Imaging Techniques

Graphics Atlas uses a variety of imaging techniques, including a standardized set for the compare section, to emphasize the unique attributes of each print. Outlined below are several points of interest meant to clarify the techniques and magnifications.

Example of axial illumination setup on copystand

Example of raking illumination setup on copystand

1: Digital SLR Camera
2: 50% Transmittance - 50% Reflectance Plate Beam Splitter
(Half Silvered Mirror)
3: Fiber Optic Gooseneck Light
4: Vacuum Easel

1: Digital SLR Camera
2: Fiber Optic Light Line
3: Vacuum Easel

*note both axial and raking illumination require a darkened room to be fully successful  

Effects of Axial and Raking Illumination


Our axial lighting setup is used to induce and document specular reflectance off the surface of a print, and thus gauge gloss. Glossy prints will show a concentrated circle of specular reflection, while matte prints will scatter the light and merely appear illuminated.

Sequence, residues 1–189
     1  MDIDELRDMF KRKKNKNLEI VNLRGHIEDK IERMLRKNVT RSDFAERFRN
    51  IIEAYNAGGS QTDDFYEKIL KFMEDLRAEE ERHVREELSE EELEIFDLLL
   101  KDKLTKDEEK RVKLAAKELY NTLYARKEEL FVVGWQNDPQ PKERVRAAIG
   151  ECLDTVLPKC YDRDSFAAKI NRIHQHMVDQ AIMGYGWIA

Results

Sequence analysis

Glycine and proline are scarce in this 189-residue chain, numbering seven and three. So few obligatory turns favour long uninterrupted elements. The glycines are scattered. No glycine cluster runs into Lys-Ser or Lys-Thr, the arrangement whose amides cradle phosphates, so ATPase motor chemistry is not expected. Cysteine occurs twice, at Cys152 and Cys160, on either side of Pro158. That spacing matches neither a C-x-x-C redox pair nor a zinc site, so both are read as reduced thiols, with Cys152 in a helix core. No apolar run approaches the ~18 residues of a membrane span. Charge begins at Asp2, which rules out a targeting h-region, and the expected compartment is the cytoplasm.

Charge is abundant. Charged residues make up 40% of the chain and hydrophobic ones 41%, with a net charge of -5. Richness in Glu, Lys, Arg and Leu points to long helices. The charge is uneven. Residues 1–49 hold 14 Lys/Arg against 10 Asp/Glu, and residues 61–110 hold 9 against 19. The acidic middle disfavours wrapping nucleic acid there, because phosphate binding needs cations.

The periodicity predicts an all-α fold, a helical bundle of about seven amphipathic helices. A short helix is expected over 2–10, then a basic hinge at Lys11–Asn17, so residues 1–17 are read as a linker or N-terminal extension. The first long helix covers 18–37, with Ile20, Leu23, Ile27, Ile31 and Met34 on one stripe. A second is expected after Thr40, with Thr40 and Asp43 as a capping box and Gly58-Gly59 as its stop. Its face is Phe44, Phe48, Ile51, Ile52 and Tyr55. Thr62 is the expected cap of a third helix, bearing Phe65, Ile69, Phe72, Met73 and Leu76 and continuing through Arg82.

Our raking light setup is used to show surface texture, a feature that can provide a great deal of information; particularly with 20th century photographs where texture was intentionally applied during manufacture.


Analogous Magnifications

To make Graphics Atlas more applicable to everyday examination, two magnifications on were chosen to reflect commonly found optical tools.

The 4th block of magnification is comparable to that of 10x loupe.

The 5th block of magnification is comparable to that of a 30x pocket microscope.

Brightfield Reflected Light Microscopy

Due to scale and differences between the equipment, axial and 45-degree lighting in the microscope must be accomplished in a different manner from that used on the copystand.


45-degree illumination in the compound microscope is simulated through cross-polarization (the axes of the analyzer and polarizer are aligned perpendicular to one another).


Axial illumination in the compound microscope is accomplished by aligning the axes of the analyzer and the polarizer.